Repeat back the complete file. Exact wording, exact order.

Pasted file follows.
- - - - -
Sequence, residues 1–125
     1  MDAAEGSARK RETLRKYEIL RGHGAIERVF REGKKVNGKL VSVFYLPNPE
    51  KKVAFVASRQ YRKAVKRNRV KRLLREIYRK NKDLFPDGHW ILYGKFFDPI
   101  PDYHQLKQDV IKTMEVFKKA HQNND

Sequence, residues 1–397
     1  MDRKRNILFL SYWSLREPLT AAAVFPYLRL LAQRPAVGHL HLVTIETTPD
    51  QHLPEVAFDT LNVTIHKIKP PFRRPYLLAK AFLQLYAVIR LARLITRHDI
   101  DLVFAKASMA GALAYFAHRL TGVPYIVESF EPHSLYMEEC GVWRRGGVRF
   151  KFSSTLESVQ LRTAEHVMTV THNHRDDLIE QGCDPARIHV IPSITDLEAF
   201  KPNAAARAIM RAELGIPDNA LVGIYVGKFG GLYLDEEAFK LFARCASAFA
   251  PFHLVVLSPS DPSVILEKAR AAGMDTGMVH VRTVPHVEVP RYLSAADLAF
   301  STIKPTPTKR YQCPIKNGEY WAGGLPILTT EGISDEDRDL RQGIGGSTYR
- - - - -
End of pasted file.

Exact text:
Sequence, residues 1–125
     1  MDAAEGSARK RETLRKYEIL RGHGAIERVF REGKKVNGKL VSVFYLPNPE
    51  KKVAFVASRQ YRKAVKRNRV KRLLREIYRK NKDLFPDGHW ILYGKFFDPI
   101  PDYHQLKQDV IKTMEVFKKA HQNND

Sequence, residues 1–397
     1  MDRKRNILFL SYWSLREPLT AAAVFPYLRL LAQRPAVGHL HLVTIETTPD
    51  QHLPEVAFDT LNVTIHKIKP PFRRPYLLAK AFLQLYAVIR LARLITRHDI
   101  DLVFAKASMA GALAYFAHRL TGVPYIVESF EPHSLYMEEC GVWRRGGVRF
   151  KFSSTLESVQ LRTAEHVMTV THNHRDDLIE QGCDPARIHV IPSITDLEAF
   201  KPNAAARAIM RAELGIPDNA LVGIYVGKFG GLYLDEEAFK LFARCASAFA
   251  PFHLVVLSPS DPSVILEKAR AAGMDTGMVH VRTVPHVEVP RYLSAADLAF
   301  STIKPTPTKR YQCPIKNGEY WAGGLPILTT EGISDEDRDL RQGIGGSTYR